While Anonymous continues to be the boogie-man of the Internet, attribution of Internet attacks is still a game of pin the tale on the donkey. The tactical, short-term, problem is not who's attacking you, but how do you stay online for the first 72 hours of the attack? Knowing whether it's the Al-Qazam Cyber Fighters or graduates of the University of 4chan doesn't really do anything to keep services online. It's like admiring the class ring of the bully punching you in the face.

Whether you label an attacker as American Anonymous, Chinese APT, or Russian RBN doesn't change your immediate problem of defending your network. The key thing is how you're being attacked, and what you're going to do about it in the first few hours.

Types of Attacks

Taking a few moments break down attack types can help you better prepare your defenses. Without getting into the semantics of the OSI model debate, let me narrow down DDoS into two types:
1. Protocol (Layer 4)
2. Application ( Layer 7)

1. Protocol Attacks
Protocol attacks are UDP, ICMP, & SYN floods etc. They abuse the no-handshake feature of UDP & ICMP or abuse the TCP handshake 1st step by repeating SYN packets. Leveraging weakness that Protocol Attacks are spoof-able, attackers can multiply their strength 70X by reflecting their attacks off of thousands of vulnerable UDP servers running services such as DNS (port 53), NTP (port 123), or more recently SSDP (port 1900). These attacks overwhelm interface capacity, sending the proverbial 50G bowling ball through 10G garden hose.

2. Application Attacks
Application attacks are payload data. These are usually GET-floods/Slow-POST/Certificate Renegotiation etc that attempt to lock up or stall processes on a server, by exhausing CPU, memory, or other resources. These attacks, while sexy in their technical nature, are not spoof-able. Since most business applications use TCP, the attack must be delivered from a real IP. As signatures a created & distributed, this equates to a shorter lifespan per infected host, as they are more likely to get reported and cleaned or blocked.

Put on your metaphorical hacker ski-mask-thinking-cap for a moment and ask yourself,
Would an attacker rather:
1. Multiply his attack by 70X with little to no effort?
2. Expose his botnet's real IPs, risk them getting shutdown & traced back?


Consider that most enterprise networks will get hit with the most typical attack, a Protocol attack.
Are you prepared for the most likely event? What will you do when it happens?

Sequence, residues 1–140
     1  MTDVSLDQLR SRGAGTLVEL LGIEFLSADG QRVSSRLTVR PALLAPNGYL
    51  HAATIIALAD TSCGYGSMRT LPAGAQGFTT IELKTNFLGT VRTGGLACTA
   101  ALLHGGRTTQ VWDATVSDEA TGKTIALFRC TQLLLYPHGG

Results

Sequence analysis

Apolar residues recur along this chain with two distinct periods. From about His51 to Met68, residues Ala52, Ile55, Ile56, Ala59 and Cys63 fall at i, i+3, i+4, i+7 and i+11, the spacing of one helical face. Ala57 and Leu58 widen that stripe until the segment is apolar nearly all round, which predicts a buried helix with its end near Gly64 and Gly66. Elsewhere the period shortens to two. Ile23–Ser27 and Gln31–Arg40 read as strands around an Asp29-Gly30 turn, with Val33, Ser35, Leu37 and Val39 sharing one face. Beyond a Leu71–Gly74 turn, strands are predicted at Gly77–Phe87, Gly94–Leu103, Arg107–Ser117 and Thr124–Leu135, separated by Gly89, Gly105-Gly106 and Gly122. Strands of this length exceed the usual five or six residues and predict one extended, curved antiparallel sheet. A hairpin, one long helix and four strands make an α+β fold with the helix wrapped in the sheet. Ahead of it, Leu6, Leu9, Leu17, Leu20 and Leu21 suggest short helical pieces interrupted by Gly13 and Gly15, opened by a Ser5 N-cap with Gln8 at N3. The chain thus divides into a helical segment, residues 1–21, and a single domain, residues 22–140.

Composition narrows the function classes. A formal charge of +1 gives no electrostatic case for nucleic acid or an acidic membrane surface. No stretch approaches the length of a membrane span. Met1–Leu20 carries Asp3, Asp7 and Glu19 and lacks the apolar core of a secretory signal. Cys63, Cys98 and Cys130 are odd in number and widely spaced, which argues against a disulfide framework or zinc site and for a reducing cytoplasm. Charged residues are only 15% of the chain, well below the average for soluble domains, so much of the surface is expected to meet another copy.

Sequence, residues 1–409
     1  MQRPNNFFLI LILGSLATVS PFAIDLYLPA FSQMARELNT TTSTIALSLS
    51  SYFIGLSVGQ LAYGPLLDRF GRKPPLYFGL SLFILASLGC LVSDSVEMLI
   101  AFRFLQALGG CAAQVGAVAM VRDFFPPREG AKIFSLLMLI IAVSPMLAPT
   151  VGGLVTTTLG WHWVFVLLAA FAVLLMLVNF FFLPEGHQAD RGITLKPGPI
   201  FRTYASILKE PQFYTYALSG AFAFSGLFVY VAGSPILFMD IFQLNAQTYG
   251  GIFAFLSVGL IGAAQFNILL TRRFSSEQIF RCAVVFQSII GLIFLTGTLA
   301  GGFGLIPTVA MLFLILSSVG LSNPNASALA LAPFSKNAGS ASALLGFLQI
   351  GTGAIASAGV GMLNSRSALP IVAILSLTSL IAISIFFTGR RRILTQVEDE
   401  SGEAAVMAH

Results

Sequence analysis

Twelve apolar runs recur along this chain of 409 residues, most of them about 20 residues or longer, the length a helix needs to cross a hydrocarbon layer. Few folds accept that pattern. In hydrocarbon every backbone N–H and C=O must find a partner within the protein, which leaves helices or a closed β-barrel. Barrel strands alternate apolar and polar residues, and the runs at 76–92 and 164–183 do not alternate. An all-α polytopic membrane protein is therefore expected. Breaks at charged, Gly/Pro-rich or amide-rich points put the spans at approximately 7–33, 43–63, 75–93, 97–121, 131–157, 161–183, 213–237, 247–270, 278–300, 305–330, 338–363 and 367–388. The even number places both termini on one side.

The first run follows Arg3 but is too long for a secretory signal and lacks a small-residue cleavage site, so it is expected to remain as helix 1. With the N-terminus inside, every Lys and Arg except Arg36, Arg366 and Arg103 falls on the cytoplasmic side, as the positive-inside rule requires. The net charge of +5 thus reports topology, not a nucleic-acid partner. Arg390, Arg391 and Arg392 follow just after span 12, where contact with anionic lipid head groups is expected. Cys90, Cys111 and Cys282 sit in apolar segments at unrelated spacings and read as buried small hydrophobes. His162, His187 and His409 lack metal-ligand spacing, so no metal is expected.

UDP is the elephant on the Internet. It's the most abused protocol, but UDP's practical uses are too fundamental to eliminate the protocol. Still, that doesn't mean you need to let the elephant in your living room. Thinking in the concept of layered defense, ask yourself, are there places we can block UDP more upstream? How much can we limit it (ports & IPs)?

Does your network use DNS and NTP?  Yes, it does. Does your network need to talk to every possible DNS or NTP server on the Internet?  No, it doesn’t.  Limiting your exposure to un-patched DNS and NTP servers is a good proactive step you can take now. Unfortunatly, there are thousands of vulnerable DNS and NTP servers un-patched for months (& even years) after reporting. Know who your network commonly communicates using UDP, whitelist those, and in terms of your essential services, drop anything that isn't absolutely necessary.

As you examine your defenses, and work your way out of your network, you may think get lucky and make it all the way to your Carrier Interface to say "We've isolated our traffic. We don't need UDP on this announced network, so the Carrier is dropping it for us." The problem here is, that rule is probably going to be just on the other side of your Carrier Interface, and it can still be overwhelmed.

Want to know more about how to protect yourself from DDoS attacks, whether they are Protocol or Application?  Are you being threatened with an attack?  Our team of DDoS experts are here to help.  With a full suite of on-premise, cloud, and hybrid solutions, including the newly announced F5 Silverline DDoS Protection Services, F5 is uniquely positioned to mitigate the biggest, scariest attacks out there.  F5’s DDos Services are an added layer of protection, standing in front of your servers, announcing the path to your servers through our DDoS Scrubbing Data Centers in Europe, North America, & Asia. With a global footprint and a carrier agnostic network, the most likely vectors of attacks can be swallowed with F5's Silverline DDoS capacity.​